There was already plenty of drama in normal time, when Jesús Murillo looked as if he may have won it for LAFC with an 83rd-minute header from a corner, but the screenwriters were far from finished. It took just two minutes for the Union to equalize from a set piece of their own, with Jack Elliott’s header giving Philadelphia new life and sending the game to extra time at 2-2.
The final went to a different dimension in the 110th minute, when an errant LAFC back pass left Union forward Cory Burke through on goal, leaving goalkeeper Maxime Crépeau no choice but to come off his line and take out Burke, suffering a serious leg injury — and being sent off with a red card — in the process.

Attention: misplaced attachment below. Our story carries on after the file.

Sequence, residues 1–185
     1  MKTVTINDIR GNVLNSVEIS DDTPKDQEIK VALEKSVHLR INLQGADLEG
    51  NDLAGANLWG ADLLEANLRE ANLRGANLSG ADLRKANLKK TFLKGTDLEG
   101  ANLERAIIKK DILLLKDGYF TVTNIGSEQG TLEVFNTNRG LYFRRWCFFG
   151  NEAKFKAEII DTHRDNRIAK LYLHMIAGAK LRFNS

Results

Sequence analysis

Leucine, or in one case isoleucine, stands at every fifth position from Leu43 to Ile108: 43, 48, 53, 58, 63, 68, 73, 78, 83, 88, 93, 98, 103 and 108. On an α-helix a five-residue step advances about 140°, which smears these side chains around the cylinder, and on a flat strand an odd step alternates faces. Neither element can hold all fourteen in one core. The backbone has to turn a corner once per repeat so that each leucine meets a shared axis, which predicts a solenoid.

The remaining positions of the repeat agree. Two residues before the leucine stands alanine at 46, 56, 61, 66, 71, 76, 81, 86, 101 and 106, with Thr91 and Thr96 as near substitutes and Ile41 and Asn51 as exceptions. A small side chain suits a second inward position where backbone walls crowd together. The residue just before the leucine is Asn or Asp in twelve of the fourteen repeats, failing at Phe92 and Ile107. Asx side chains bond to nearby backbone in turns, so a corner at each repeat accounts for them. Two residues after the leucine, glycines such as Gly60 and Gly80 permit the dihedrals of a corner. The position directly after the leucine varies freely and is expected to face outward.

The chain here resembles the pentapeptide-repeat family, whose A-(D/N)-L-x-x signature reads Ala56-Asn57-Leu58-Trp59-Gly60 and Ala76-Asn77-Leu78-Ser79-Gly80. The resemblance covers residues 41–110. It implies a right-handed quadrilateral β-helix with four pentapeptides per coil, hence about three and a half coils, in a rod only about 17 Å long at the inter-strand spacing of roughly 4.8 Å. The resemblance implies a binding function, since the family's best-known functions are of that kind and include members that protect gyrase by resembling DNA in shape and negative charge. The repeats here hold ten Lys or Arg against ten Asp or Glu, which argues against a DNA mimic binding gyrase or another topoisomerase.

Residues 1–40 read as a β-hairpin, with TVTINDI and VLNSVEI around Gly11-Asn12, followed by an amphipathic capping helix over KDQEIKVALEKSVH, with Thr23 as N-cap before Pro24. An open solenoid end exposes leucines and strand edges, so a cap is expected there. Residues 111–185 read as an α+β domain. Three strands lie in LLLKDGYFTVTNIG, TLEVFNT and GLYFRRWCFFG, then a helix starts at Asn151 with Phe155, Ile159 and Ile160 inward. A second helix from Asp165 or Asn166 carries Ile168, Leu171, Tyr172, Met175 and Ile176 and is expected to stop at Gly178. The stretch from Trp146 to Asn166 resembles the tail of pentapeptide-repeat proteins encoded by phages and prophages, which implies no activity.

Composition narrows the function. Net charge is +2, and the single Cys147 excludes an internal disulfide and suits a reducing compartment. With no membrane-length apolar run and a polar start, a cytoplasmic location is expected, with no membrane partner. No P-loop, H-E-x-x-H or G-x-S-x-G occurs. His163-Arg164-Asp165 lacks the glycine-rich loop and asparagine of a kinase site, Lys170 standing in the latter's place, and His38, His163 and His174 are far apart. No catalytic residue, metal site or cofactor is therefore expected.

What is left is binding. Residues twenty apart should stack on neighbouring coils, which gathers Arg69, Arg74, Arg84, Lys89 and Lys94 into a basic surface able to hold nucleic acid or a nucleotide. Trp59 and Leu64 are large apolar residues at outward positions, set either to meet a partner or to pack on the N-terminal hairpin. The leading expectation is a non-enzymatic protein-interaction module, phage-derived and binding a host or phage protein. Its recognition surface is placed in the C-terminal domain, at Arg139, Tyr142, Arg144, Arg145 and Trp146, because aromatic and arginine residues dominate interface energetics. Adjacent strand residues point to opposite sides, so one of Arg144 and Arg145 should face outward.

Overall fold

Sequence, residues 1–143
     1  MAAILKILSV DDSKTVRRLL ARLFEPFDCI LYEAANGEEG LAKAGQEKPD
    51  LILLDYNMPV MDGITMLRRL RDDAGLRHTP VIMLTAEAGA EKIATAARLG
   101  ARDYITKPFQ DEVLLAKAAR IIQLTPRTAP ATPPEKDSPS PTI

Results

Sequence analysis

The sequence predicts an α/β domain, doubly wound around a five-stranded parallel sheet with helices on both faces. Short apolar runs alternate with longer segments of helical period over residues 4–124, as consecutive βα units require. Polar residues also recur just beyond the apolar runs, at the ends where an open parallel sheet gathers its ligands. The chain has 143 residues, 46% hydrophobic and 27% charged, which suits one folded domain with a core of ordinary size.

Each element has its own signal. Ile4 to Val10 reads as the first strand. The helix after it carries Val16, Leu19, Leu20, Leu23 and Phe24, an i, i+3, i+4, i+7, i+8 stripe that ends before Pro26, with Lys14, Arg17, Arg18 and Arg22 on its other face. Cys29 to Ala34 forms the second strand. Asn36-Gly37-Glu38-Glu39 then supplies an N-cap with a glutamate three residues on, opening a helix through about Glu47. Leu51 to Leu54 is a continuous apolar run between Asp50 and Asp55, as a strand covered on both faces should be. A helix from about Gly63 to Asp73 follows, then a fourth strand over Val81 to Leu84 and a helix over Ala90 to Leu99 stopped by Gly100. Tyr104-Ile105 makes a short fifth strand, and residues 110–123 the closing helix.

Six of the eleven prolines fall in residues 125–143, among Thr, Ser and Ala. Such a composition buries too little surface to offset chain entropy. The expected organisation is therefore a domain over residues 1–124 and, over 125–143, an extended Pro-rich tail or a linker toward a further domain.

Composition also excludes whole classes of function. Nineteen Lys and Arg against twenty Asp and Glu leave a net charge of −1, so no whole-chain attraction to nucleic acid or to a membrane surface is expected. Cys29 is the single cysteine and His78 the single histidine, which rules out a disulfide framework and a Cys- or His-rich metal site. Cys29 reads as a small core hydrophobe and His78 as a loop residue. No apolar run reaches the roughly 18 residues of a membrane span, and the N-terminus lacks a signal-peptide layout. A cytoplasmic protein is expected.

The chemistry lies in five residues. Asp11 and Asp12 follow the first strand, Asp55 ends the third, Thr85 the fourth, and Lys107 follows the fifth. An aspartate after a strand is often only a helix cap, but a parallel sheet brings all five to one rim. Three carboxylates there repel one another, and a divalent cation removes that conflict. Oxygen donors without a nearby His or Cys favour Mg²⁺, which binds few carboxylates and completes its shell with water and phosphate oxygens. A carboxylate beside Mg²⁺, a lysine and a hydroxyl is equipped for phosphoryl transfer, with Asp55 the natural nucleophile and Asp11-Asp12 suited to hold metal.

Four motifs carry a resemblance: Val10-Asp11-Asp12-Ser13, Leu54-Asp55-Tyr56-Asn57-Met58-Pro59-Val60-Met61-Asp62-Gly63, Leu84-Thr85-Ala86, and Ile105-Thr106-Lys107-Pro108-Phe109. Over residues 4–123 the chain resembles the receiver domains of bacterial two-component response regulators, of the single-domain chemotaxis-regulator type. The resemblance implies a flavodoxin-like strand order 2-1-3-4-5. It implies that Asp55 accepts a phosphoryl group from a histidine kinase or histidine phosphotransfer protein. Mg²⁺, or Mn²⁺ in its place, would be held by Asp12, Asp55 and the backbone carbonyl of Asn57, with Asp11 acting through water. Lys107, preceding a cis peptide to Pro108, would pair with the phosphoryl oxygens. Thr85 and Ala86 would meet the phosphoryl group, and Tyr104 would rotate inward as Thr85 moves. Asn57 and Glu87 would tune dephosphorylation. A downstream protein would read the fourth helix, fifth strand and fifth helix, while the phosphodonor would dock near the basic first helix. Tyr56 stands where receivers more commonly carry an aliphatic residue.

The injury to Crépeau meant there was plenty of stoppage time to be played when the 120 minutes were up, and Elliott’s second goal of the day, this one in the 124th minute, looked all but certain to stun the home crowd and give Philadelphia its first title.
And yet, it wasn’t over; with LAFC down to 10 men almost 8 minutes into stoppage time, Welsh star Gareth Bale rose highest to head home the latest (and most dramatic) equalizer imaginable in the 128th minute and send the game to penalties, where Los Angeles prevailed to claim its first MLS Cup.
For much of this MLS season, all eyes have been on Inter Miami’s Lionel Messi, as one of the greatest players of all time — who is likely to claim his record eighth Ballon d’Or as the world’s best player at the end of October — landed stateside and immediately took American soccer by storm.
The Argentine legend seemingly couldn’t stop scoring, with 11 goals in 13 appearances for Inter Miami. The trouble is that much of that production came as Messi arrived at the start of the Leagues Cup, contested between teams from MLS and Liga MX as the domestic season came to a pause. Messi was sensational, bagging 10 goals in seven games as Inter Miami lifted the trophy.